Wednesday, September 23, 2020
Home Indian History & Culture How irrelevant practices of British Raj still hold firm in India

How irrelevant practices of British Raj still hold firm in India

By Ishaa Srivastava

The noted British historian, E P Thomson, had once remarked that India was not an important country, but perhaps the most important country for the future of the world.

All the convergent influences of the world run through this society. There is not a thought, he wrote, that has been thought in the West or in the East, that is not active in some Indian mind.

With its roots entrenched firmly in cultural pluralism, India is a land of baffling contrasts, the alpha and omega of contradictions. This overwhelming attribute of India’s pluralist lifestyle denies the assertion of any singular ‘Indian’ identity. Colonial tenets and practises, some even acquired from the American end of the globe, may be ingrained in our secular setup, but more often than not are fodder for directionless chaos.

In July, 2014 for instance Justice D Hariparanthaman’s choice of attire stirred up a controversy when he was denied entry into the Tamil Nadu Cricket Association Club.

While the club’s dress code only allowed for ‘full trousers, shirts, or T shirts with collars’, the Madras High Court Judge alighted from his official car to the book release, wearing a dhoti. Ms Jayalalithaa Jayaram was outraged, and called the incident an ‘insult to Tamil civilisation and culture.’

Gymkhanas require their members to be ‘prim and proper’, and legitimately hold the right to obnoxiously refuse to entertain anybody who flouts dress code. Membership is stringent and exclusivity is boasted of. However, the matter cannot end here; if clubs hold the right to have strict dress codes, they also cannot host public events like a book release and expect non members to follow suit.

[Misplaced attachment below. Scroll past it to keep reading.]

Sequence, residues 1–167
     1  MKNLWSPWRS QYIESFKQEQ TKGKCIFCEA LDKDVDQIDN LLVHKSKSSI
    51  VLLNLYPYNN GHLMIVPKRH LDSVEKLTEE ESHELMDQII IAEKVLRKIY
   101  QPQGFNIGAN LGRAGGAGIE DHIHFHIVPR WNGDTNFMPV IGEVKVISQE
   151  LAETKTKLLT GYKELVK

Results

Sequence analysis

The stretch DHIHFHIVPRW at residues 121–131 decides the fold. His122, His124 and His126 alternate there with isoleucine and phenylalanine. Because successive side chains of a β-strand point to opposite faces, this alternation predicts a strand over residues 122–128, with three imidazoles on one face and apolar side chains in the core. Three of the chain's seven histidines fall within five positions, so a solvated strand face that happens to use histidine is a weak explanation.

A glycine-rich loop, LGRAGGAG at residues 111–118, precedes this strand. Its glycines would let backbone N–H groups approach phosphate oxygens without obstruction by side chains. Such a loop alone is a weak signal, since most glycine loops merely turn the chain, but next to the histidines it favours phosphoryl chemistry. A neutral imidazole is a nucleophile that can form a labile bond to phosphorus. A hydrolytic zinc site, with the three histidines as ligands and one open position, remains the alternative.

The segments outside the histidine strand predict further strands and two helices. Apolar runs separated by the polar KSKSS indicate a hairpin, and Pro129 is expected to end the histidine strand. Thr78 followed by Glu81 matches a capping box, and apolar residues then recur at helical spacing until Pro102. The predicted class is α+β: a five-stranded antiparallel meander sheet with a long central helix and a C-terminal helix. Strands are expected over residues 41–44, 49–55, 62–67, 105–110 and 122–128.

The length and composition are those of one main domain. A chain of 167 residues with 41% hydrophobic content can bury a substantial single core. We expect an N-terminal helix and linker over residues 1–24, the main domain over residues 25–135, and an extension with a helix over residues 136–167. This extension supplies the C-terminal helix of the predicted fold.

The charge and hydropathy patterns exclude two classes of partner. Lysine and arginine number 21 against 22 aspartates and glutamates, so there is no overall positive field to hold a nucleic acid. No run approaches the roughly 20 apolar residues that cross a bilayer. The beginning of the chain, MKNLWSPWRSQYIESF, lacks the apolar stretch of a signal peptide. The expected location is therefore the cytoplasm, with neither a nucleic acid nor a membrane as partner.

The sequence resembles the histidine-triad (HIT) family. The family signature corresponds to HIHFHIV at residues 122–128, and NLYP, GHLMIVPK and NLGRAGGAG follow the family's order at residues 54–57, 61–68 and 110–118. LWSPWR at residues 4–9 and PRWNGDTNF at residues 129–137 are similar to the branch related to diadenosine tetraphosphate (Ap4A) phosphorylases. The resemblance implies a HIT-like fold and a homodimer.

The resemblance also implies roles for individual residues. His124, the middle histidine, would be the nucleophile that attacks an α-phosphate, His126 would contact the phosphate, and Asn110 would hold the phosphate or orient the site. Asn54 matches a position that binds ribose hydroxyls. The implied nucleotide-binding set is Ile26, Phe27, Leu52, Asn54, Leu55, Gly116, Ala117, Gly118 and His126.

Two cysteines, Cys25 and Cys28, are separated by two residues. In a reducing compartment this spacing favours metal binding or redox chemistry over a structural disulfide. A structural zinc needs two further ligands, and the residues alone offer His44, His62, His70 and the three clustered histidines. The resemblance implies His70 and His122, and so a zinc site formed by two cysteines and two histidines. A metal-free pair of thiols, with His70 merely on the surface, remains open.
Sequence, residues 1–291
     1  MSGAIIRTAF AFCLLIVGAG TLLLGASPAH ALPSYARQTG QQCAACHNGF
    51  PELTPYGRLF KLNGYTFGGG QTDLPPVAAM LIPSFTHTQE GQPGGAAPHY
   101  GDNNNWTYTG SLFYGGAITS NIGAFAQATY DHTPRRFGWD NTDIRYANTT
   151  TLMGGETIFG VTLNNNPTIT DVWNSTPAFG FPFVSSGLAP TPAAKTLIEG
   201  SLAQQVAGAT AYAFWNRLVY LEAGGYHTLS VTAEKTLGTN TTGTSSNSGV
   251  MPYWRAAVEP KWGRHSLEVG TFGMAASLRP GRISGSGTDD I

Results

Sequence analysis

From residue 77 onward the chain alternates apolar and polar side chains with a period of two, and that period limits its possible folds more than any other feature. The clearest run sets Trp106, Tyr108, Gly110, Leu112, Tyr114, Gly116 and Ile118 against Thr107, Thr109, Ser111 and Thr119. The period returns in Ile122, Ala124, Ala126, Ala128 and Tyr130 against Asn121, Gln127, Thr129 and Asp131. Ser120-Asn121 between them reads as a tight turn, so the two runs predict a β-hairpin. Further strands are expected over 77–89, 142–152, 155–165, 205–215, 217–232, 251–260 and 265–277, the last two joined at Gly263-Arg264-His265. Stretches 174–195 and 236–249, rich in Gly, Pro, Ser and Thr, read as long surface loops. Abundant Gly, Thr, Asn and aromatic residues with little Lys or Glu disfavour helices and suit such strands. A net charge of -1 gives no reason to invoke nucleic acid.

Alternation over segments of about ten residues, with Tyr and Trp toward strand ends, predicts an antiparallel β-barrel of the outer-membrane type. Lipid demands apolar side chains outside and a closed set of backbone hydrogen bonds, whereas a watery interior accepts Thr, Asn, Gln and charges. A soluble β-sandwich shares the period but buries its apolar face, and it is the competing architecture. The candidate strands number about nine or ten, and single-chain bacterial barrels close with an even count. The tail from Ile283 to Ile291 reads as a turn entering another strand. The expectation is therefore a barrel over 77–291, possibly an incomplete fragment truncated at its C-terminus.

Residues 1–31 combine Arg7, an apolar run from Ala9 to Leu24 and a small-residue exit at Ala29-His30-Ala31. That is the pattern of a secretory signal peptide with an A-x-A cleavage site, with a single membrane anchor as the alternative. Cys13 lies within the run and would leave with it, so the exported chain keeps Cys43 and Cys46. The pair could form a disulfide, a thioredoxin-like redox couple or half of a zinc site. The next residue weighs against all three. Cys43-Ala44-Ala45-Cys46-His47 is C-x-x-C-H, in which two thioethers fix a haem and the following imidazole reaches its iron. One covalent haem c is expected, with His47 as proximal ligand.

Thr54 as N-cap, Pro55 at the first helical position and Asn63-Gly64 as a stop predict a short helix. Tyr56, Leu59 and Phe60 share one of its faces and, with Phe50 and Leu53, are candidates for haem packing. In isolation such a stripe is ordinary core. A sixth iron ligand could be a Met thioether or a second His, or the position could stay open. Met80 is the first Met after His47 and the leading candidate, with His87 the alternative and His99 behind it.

Lawyers’ attire on the other hand, also is an outcome of one such stereotype of being British. History suggests that apart from being sombre, black robes were a symbolic of a mourning period after the demise of Charles II in 1685. For no particular reason, the tradition has prevailed for longer than expected.


Now these instances of course are remnants of a colonial past. The English Sahibs left, but forcibly perpetuated colonial ethos. Macaulay put it in his Minute on Education (1835), ‘Indian in blood and colour, but English in taste, in opinions, in morals, and in intellect.’ Without a national language, and English as our passport for upward social mobility, we are  (a label used with much derision). This western affectation however, has not reconciled with the orthodoxy of social structure. Dress codes which are not suited to our weather or bodies, rules that aren’t hand in glove with our cultural myriad, and a lifestyle that escapes the greater number of our population.




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